Does which undergraduate school you attend really matter...?

<p>Or, to clarify things more: Is the education generally the same at every undergraduate program?</p>

<p>The reason I ask is because my parents insist I either go to a state school or a school where I have family living nearby. Even though I am only a high school sophomore, this has angered me a lot lately. My dream school is MIT, and from what I've heard, it's everything I would ever want in a school. The University of Colorado at Boulder is my backup with an extremely strong physics program (my prospective major). All of my immediate family lives in Florida, which is also my home state. UF is a good school and everything, but I desperately want to aim higher than that. My parents don't support my aspirations. My mother dismisses my ambitions as flat-out "unrealistic" and even told (yelled) me this afternoon that "You don't have a choice." (She claims that she never even had these chances when she was a teenager, but that comes off as a bit hypocritical...) My father, while more sympathetic, says the family can't pay for out-of-state tuition, and even if I get a scholarship, the economy is in the gutter right now and I wouldn't be able to land a grant for living expenses. Both of them say undergraduate education is the same everywhere. I guess a big part of their sentiment has to do with the fact that I am a small girl with mild cerebral palsy, and it's understandable that they would be worried for my safety from outside threats and self-caused accidents. Boston is too big and Colorado is too far away. They wouldn't be able to move there because it's too expensive. Basically, I'm screwed.</p>

<p>So ... does it matter at all where I go for undergrad? I feel kind of dejected right now, but if undergrad education really is the same everywhere, then I can feel okay about ignoring my idealism and listening to practicality.</p>

<p>To say it's the same everywhere would definitely be wrong. Different colleges have vastly different experiences. At the same time, though, the people that constantly espouse certain colleges as flat out <em>better</em> are usually blowing hot air. The most important thing is that you find a college that you like that challenges you enough and gives you the resources you're looking for. If you want a college with lots of 1 on 1 interaction and small class sizes, you'd benefit from looking at LACs, whereas if you want a larger school with more resources and opportunities, you might want to look at larger state schools. The school that really fits you might be close by or it might not be. Just don't get too wrapped up in the prestige thing. Look at colleges in terms of what they offer and what you honestly want out of college. Fit is more important than ranking.</p>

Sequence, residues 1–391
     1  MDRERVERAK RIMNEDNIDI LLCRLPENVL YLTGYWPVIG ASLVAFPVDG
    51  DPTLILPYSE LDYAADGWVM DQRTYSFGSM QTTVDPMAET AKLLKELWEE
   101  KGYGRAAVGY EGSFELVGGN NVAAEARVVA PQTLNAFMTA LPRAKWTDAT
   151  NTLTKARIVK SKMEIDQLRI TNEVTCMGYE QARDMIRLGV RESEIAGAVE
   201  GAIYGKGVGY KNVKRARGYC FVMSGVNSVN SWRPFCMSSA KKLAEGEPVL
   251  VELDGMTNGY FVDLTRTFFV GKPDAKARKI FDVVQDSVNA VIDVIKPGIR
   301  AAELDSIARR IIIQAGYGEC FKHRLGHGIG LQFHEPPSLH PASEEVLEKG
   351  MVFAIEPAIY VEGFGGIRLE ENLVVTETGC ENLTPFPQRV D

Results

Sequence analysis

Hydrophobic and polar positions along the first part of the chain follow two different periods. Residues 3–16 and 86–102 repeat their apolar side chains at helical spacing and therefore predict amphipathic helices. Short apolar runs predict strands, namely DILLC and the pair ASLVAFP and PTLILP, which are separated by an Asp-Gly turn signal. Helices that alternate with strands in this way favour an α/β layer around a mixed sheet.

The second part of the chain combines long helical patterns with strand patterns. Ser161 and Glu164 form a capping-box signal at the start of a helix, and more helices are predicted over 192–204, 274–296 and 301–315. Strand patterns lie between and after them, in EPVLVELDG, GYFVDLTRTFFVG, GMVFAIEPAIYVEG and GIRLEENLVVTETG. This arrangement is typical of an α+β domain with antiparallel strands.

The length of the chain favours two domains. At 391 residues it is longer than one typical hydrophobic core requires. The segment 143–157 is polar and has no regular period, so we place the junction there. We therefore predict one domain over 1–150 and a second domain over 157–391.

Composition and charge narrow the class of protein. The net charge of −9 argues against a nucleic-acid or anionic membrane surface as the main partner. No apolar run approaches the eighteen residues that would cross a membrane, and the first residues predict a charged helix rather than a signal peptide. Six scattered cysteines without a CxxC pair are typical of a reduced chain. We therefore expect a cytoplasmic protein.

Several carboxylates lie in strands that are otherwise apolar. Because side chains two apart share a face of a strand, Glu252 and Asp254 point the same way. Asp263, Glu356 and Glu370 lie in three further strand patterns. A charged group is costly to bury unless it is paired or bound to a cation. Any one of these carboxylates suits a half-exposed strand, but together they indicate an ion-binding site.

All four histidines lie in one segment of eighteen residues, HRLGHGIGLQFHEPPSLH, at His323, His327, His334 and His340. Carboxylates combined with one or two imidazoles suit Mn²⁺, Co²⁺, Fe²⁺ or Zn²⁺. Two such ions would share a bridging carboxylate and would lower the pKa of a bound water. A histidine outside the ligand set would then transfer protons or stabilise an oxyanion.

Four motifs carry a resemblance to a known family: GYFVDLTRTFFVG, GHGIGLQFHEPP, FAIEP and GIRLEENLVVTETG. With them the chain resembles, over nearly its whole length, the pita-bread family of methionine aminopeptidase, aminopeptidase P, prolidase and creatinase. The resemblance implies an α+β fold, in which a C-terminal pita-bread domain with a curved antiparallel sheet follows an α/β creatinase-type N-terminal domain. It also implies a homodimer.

<p>That said, if their concern is money, you should apply to <em>lots</em> of schools. Financial aid offers vary dramatically, and you can compare the different offers you get and pick the cheapest one. If your family income is low, the cheapest choices would probably be schools that meet full need, which tend to be high tier institutions and could be very far away. If your family is in that awkward gap where your EFC is higher than what you can actually afford, you might need to attend a lower tier school where you can get merit money, but without knowing your stats, I can't say whether you'd qualify for merit aid.</p>